When we think of a person as being a soldier, we picture someone who dons a military uniform, puts his or her life on the line each day defending the freedoms that we at home so dearly cherish, and stands a vigilant watch on land, by air, or on the sea. These are valiant men and women who consider it a great honor to serve, some giving their last full measure of devotion, to protect the country that they love. Their life is not necessarily an exciting one. They face day-to-day challenges as they fight to stay alive, and not everyone, including some of their countrymen, is appreciative of the service that they provide. The service that they provide is strictly voluntary, and in most cases they spend days, weeks, months, or even years separated from their families.
Missionaries are Also Soldiers
Contrast that to the life of a missionary. He or she willingly leaves their family for 18 months to two years to also provide a service. The service that they provide is going throughout the world teaching and preaching the gospel of Jesus Christ. Like the military soldier, they too don a uniform; however, their uniform consists of a nice suit for the males and beautiful skirts and dresses for the females. They also wear a name tag as part of their “uniform” to identify them as missionaries of The Church of Jesus Christ of Latter-day Saints. In a sense, they are also soldiers – soldiers who march to the orders of their Commander-in-Chief, the Lord Jesus Christ. Their life is not necessarily glamorous either, as they are often called to serve in many parts of the world that do not quite have all the comforts of home. Like the military soldier, not everyone is appreciative of the service that they render, and so they also face day-to-day challenges as they are rejected and criticized by some of the people they try to present the gospel message to, not only in faraway lands but at home in their country as well. In some areas of the world, their lives could also be placed in danger at a moment of social uprise or political upheaval. However, like the military soldier, they consider it an honor to be serving. They are on the Lord’s errand, doing what He would have them to do.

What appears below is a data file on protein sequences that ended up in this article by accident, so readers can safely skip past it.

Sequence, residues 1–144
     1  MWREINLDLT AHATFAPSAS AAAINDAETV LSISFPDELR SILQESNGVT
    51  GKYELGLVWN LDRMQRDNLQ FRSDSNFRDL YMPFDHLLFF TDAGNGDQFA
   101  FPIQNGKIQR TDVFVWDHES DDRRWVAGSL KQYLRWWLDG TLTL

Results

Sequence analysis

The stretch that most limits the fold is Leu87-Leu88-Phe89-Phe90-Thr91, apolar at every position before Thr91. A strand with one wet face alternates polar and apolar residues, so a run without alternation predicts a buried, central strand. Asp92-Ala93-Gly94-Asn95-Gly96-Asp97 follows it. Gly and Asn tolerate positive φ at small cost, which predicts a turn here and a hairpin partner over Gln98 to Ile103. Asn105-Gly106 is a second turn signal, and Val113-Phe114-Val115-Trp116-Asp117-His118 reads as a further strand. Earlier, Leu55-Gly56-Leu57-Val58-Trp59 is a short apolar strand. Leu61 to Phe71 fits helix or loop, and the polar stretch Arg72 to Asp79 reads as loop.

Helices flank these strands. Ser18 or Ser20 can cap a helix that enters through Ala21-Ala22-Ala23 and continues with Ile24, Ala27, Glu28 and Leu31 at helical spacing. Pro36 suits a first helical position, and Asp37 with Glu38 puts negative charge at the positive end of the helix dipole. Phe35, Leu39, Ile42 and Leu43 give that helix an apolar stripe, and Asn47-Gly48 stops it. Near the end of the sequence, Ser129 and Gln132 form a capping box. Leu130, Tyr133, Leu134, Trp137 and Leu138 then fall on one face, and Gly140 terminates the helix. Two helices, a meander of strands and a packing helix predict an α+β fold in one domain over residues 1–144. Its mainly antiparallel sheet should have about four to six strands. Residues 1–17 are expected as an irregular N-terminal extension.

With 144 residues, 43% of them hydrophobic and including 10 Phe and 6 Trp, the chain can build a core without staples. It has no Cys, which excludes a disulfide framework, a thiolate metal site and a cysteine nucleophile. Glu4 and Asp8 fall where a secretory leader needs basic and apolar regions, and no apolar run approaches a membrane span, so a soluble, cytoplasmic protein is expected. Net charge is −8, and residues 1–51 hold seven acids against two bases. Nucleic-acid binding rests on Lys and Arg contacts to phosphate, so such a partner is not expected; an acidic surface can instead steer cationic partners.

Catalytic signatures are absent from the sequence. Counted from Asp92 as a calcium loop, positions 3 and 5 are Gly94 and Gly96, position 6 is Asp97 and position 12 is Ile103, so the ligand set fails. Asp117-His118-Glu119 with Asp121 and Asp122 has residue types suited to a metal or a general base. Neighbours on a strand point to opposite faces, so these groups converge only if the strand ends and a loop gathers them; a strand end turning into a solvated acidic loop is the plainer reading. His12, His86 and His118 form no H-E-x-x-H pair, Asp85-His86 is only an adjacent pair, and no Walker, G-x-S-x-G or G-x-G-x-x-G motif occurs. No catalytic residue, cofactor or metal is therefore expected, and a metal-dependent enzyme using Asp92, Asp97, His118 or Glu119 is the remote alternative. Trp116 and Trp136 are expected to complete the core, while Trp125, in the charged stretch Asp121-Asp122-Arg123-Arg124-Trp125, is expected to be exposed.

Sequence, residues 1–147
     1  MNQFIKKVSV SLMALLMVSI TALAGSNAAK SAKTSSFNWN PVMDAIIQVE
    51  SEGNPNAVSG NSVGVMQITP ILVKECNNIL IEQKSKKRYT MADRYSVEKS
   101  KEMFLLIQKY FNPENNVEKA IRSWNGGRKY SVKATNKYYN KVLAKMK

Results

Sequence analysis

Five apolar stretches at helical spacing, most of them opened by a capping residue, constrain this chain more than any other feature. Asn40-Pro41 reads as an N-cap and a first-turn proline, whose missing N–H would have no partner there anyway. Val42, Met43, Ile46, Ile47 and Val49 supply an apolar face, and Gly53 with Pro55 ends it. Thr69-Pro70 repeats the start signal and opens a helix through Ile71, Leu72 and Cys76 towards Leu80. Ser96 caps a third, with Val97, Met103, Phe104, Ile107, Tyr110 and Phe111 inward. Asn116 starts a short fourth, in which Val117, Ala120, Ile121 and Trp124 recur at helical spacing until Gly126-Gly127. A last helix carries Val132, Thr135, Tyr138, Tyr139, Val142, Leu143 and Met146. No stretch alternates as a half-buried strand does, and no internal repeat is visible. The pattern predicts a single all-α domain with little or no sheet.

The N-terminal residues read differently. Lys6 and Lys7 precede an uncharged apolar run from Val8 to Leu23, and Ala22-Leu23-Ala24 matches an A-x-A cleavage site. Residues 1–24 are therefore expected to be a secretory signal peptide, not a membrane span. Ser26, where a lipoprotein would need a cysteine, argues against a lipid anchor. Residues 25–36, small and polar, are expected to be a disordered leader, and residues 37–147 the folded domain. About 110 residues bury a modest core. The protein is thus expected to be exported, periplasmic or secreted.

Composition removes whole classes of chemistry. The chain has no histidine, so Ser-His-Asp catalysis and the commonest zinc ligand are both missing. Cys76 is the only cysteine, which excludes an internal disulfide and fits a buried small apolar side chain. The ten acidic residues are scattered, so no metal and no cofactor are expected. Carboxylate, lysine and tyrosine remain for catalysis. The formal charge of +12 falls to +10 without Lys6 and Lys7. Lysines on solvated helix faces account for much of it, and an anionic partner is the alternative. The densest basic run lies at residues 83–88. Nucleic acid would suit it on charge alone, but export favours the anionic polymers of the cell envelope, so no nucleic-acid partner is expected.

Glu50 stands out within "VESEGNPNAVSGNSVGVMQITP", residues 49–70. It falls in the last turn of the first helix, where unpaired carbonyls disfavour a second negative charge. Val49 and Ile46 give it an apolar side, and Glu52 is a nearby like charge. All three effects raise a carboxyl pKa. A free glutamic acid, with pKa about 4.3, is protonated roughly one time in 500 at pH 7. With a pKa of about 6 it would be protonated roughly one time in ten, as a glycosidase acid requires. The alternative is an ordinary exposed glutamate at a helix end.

Soldiers and missionaries both serve on battlefields, albeit the battlefields where they serve are somewhat different. Both have a goal and a purpose for their mission. As they go forth to fulfill their tasks, the words that the Lord spoke to Joshua can provide great comfort, “Have not I commanded thee? Be strong and of a good courage; be not afraid, neither be thou dismayed: for the Lord thy God is with thee whithersoever thou goest” (Joshua 1:9). In times of loneliness, discouragement, and despair, there are also the words of the Apostle Paul to help strengthen them, “I can do all things through Christ which strengtheneth me” (Philippians 4:13). And the Psalmist gives this gentle reminder as recorded in Psalm 18:31-36: